Total platform assets under administration (AUA) were up 6% in the first quarter of the year and hit £520bn, the latest data from Fundscape has revealed.
The boom in platform business was evident with gross sales nearly a third (31%) higher than the first quarter of 2016, and 10% higher than the last quarter of 2016.
Bella Caridade-Ferrerira, CEO of Fundscape, said investor sentiment had begun to improve towards the end of 2016 after three “difficult quarters” previously.
She said: “Despite the likelihood that the industry will be buffeted by geopolitical headwinds this year, we expect platform business to maintain a steady course.
“Pension activity will be the driver.
“Accessing pension freedom through DB transfers is a top priority for investors nearing retirement, and this will keep the industry buoyant throughout 2017 and well into 2018.”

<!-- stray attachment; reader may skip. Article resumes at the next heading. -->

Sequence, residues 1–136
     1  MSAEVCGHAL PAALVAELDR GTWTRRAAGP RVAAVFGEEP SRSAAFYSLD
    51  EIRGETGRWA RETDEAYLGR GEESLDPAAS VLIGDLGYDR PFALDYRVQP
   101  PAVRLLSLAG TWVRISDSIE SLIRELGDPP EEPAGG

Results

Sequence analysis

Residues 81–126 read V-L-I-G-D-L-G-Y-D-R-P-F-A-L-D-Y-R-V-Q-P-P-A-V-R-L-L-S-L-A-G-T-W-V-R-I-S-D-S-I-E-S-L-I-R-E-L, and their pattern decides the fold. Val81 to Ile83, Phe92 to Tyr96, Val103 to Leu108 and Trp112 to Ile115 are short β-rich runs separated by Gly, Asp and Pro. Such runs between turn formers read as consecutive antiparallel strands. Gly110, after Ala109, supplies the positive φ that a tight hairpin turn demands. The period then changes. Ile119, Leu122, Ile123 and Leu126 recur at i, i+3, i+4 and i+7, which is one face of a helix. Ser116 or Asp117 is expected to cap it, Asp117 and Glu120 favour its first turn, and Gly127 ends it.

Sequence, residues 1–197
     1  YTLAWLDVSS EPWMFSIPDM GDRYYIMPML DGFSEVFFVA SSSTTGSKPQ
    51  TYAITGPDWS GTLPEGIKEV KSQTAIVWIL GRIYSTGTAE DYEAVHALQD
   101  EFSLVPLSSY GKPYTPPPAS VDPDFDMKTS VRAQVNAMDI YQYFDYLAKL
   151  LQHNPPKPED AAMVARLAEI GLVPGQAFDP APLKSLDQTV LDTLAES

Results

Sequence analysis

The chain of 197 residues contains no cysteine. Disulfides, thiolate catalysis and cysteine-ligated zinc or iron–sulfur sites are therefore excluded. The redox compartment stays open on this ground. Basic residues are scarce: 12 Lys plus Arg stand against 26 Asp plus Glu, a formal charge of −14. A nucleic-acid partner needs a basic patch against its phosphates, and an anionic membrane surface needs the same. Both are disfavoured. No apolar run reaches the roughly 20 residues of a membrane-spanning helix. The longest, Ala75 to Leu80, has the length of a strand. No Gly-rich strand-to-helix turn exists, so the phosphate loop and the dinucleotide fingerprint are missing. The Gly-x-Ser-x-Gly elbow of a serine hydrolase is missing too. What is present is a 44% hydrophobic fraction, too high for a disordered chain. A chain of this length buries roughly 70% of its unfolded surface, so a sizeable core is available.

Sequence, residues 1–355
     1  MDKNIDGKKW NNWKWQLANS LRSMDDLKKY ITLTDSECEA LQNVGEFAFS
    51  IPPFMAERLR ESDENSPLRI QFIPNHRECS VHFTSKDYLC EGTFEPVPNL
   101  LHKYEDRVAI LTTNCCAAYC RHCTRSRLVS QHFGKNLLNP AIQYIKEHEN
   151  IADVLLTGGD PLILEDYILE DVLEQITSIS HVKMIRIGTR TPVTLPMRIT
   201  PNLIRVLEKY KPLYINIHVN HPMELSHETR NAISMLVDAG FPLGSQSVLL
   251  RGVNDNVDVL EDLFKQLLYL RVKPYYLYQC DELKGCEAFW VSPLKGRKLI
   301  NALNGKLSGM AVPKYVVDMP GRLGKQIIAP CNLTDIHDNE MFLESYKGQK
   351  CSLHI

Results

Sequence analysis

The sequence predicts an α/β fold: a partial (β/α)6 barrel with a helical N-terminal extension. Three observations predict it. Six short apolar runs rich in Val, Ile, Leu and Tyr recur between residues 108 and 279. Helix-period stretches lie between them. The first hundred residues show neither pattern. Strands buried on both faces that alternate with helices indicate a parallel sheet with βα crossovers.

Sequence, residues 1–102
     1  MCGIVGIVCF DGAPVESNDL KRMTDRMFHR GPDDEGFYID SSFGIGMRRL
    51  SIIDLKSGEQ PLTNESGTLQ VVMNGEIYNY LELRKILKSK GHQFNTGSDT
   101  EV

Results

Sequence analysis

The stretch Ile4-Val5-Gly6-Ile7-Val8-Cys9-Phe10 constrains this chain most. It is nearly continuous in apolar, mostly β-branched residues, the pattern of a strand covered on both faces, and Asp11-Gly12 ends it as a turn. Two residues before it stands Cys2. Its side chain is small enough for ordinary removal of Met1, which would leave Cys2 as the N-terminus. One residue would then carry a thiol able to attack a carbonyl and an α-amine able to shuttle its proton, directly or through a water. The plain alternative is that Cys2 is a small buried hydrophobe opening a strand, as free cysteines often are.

However, the costs of running these platforms has grown with many posting losses, so how bright is their long-term future past 2018?
Abraham Okusanya, founder of research consultancy FinalytiQ, raised concerns on the long-term viability of the platform industry in comments published in AJ Bell’s newly launched Due Diligence Hub.
He said very few made money, adding: “I’m afraid the picture isn’t any less grim as our latest report casts doubt on the long-term viability of many platforms.”
“The sector is in for a difficult time ahead and we expect more shareholders to cut their losses on unprofitable ventures.”
He added: “Some platforms are facing an existential crisis.”
Only 15 out of 26 platforms Okusanya and his team studied in an annual platform profitability report reported a profit in 2016, with a total combined pre-tax loss of £19m recorded at the end of 2015.
The loss in 2015 signalled a 371% decline from the pre-tax profit of £7m at the end of 2014.